According to new research by Kaspersky's GReAT team, the online criminal activities of the Roaming Mantis Group have continued to evolve since they were first discovered in April 2018. As part of their activities, this group hacks into exploitable routers and changes their DNS configuration. This allows the attackers to redirect the router user's traffic to malicious Android apps disguised as Facebook and Chrome or to Apple phishing pages that were used to steal Apple ID credentials.
Recently, Kaspersky has discovered that this group is testing a new monetization scheme by redirecting iOS users to pages that contain the Coinhive in-browser mining script rather than the normal Apple phishing page. When users are redirected to these pages, they will be shown a blank page in the browser, but their CPU utilization will jump to 90% or higher.
This is caused by the page utilizing the Coinhive mining script shown below.
The day after the GReAT discovered this new page, the attackers reverted back to redirecting to the Apple phishing page, so this appears to be a test that is not ready for full release.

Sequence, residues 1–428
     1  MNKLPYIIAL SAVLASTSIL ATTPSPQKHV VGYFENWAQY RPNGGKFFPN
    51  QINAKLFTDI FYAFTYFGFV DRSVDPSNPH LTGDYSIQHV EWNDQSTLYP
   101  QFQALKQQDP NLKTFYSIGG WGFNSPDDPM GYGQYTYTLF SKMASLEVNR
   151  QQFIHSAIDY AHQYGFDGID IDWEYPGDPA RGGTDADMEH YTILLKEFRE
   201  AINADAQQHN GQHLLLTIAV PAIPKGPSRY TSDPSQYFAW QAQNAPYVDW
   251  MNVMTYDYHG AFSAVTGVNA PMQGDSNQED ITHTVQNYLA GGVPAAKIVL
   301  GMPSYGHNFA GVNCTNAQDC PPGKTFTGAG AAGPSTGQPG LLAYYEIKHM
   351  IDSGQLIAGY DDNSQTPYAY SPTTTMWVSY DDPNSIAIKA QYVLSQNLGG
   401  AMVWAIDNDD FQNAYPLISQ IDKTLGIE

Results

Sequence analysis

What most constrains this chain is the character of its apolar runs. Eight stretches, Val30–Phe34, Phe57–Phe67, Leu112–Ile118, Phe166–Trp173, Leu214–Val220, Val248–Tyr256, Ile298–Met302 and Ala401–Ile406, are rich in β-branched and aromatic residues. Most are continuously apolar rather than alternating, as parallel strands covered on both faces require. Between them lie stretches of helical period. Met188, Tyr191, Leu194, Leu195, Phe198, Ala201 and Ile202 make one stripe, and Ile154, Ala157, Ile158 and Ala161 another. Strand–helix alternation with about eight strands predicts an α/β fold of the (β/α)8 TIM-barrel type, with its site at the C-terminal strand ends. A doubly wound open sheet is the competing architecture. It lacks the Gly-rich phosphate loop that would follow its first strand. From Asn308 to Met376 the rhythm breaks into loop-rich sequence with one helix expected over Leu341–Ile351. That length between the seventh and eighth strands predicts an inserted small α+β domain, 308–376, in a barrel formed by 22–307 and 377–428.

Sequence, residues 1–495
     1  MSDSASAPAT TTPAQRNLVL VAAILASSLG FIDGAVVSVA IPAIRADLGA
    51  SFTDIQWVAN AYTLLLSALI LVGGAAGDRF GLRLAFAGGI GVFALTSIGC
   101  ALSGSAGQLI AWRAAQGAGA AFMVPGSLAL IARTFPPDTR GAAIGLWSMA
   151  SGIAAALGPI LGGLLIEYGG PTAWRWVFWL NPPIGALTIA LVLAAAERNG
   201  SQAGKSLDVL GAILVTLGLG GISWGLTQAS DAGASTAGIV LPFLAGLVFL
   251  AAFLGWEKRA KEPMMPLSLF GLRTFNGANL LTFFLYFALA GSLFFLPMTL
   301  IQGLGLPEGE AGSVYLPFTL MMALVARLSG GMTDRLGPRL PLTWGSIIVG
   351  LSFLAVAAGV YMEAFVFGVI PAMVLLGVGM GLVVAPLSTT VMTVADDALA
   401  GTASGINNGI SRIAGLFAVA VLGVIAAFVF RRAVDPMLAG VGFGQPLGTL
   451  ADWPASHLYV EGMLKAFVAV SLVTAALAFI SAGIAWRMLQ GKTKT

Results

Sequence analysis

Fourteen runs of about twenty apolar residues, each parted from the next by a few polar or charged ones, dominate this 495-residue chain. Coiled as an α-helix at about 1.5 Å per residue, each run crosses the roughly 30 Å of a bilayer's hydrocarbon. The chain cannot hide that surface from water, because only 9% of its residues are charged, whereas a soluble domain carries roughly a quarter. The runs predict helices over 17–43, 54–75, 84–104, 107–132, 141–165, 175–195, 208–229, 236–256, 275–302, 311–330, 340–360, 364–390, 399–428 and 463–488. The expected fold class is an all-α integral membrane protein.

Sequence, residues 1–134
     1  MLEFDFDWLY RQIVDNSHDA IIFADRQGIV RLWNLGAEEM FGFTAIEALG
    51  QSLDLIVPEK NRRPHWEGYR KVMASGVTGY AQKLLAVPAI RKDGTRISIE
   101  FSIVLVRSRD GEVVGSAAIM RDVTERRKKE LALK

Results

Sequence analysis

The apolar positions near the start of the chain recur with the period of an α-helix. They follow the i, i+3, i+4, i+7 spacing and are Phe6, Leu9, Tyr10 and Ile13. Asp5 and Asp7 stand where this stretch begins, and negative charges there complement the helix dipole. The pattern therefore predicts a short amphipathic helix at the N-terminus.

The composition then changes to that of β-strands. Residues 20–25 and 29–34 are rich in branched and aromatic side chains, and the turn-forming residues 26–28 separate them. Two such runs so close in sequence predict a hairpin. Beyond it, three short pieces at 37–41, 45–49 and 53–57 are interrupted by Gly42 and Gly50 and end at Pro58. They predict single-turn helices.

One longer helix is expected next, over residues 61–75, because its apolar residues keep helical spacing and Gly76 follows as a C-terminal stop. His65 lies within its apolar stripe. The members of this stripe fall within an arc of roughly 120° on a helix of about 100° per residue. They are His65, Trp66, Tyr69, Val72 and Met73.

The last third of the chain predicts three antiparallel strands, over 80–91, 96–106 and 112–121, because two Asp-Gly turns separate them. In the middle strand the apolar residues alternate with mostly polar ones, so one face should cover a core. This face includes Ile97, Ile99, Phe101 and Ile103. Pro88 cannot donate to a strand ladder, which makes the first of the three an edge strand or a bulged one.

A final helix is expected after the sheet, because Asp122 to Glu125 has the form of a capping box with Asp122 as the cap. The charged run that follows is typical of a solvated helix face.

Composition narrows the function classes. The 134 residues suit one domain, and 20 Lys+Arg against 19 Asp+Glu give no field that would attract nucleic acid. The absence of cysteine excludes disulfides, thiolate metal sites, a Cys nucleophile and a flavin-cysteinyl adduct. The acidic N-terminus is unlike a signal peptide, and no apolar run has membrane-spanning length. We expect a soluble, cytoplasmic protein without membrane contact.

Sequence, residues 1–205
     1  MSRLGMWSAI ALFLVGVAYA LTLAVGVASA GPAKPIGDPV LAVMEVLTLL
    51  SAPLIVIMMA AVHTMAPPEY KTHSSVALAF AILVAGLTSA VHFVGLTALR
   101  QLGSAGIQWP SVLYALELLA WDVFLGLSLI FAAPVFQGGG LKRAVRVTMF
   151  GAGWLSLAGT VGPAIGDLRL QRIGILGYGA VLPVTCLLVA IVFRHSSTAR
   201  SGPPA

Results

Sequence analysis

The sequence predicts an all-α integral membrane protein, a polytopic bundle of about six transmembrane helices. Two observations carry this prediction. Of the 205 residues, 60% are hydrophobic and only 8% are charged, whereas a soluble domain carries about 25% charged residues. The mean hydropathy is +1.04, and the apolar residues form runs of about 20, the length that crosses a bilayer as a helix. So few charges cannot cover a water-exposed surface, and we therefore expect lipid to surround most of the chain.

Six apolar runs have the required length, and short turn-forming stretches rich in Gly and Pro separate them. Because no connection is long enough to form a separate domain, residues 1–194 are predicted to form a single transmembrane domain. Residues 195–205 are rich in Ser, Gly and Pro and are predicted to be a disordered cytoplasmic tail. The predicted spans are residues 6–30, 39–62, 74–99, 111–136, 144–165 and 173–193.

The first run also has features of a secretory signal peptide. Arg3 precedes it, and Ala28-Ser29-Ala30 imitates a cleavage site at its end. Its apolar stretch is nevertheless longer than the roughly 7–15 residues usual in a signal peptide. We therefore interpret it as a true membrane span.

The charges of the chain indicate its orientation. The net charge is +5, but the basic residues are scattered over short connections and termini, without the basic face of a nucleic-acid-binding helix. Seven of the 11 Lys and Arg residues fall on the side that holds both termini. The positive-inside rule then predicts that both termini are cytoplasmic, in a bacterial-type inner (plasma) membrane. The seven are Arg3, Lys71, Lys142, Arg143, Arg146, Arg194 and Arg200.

After Japanese researchers started releasing reports regarding Roaming Mantis, the group is making an effort to avoid hacking Japanese devices.
This group appears to also be taking a page out of the Adware handbook by promoting scam sites for adult videos, games, music, and downloads.
These scam sites are being promoted through Prezi.com, a presentation sharing site, where the group would create page that contain links to URLS at https://tinyurl.com. When a visitor goes to these urls, though, they will be redirected to various scam sites as shown below.
To protect yourself from attacks like this, make sure that your routers are upgraded to the latest firmware so that any vulnerabilities are patched. Kaspersky also suggests that Android users turn off the ability to install app from third-party sites.
"We strongly recommend that Android users turn off the option that allows installation of applications from third-party repositories, to keep their device safe," stated Kaspersky's research. "They should also be suspicious if their phones become unusually hot, which may be a side-effect of the hidden crypto-mining application in action."